Auto-disable Battery Saver when the device at 90% charge

Android Q Battery Saver

The built-in Battery Saver mode within Android is great for squeezing out a few extra drops of lifespan from your handset. We’ve been able to schedule in Battery Saver mode once your battery dips below a threshold of your own choosing. Plugging into your charger wouldn’t deactivate Battery Saver mode.

With this new addition, once your battery reaches 90% it will switch off Battery Saver mode completely, only re-toggling once the lower threshold is reached. It’s worth noting that you can’t actually change when it switches off via charging. Hopefully, we’ll see that come in a future Q Beta update.

Easier Wi-Fi network sharing

Wi-Fi sharing

We saw that Wi-Fi network sharing was added with Android Q Beta 2 but you had to scan a QR code to do so. In Beta 3, you can still share a network quickly via QR code but it also lists the Wi-Fi code so your friends can get connected much more easily.

It’s worth noting that you can’t copy and paste this code, plus you will have to unlock your device when doing so. Overall it is a godsend when you have lost a router password or can’t quite remember the exact combo to get connected.

Redesigned Emergency Information

Continuing the theme of not-so-major updates in this Q Beta build, the updated Emergency Information pane has a better visual look and feel. Instead of the tabbed style, it has your Medical Information and Emergency contacts right there in the one screen.

There are also some details on why you should add this information to your device. Your devices profile image is found front-and-center too. While this isn’t the biggest of updates, it fits in more with the rest of the Settings app revamp.

Smart Reply everywhere

Smart Reply

Smart Reply now works with all notification alerts. Developers need not worry about taking on additional development for users to access and use these new contextual responses and replies.

Such is the quality of the Smart Reply feature, you’re able to send quick responses and even open things like addresses sent via SMS or another messaging app within Google Maps for instance.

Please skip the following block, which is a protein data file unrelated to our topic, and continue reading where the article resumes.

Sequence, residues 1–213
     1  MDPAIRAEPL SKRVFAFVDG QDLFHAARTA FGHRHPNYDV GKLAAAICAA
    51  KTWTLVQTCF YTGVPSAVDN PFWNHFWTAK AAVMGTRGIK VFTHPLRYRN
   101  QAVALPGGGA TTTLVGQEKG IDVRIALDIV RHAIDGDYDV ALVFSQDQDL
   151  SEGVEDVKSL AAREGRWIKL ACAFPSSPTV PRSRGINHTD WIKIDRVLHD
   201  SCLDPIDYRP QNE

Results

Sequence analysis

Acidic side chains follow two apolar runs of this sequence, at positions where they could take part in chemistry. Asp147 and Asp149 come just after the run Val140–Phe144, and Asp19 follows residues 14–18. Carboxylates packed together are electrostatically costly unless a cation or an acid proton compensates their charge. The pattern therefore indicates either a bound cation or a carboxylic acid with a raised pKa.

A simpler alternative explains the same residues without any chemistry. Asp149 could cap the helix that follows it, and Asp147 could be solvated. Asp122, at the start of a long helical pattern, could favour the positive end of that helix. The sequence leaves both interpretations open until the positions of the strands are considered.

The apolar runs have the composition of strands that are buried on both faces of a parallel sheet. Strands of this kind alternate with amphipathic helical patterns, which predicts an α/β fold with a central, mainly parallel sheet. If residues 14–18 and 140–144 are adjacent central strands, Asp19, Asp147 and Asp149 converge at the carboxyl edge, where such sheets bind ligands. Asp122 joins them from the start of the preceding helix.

Google confirmed that none of this data is shared, and all contextual devices are handled on your Pixel without needing a data connection — although that would defeat the purpose when trying to reply to messages for instance.

It’s a neat extension of the feature, as it seemed to separate many apps from those that included the ability to quickly send responses without opening them wholesale.

Improved notification control

Android Q Beta 3 notification controls

If you get a ton of notifications, the ability to manage them is one that has always been a core way in which Android differentiates itself from iOS. Long pressing on a notification now gives a pop-over menu that allows you to manage alerts a little more effectively.

By that, I mean that the extra information allows you to make a better decision about what to do with specific application notifications. It makes a big difference thanks to the colorful new method rather than the small icons, each option is explained in detail too.

This might prove especially helpful to users not quite sure what each of the previous icon options meant when selecting them. To use it, simply long press on any notification within your notification center to adjust settings on the fly.

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About the Author

Damien Wilde

Damien is a UK-based video producer for 9to5Google. Find him on Twitter: @iamdamienwilde. Email: damien@9to5mac.com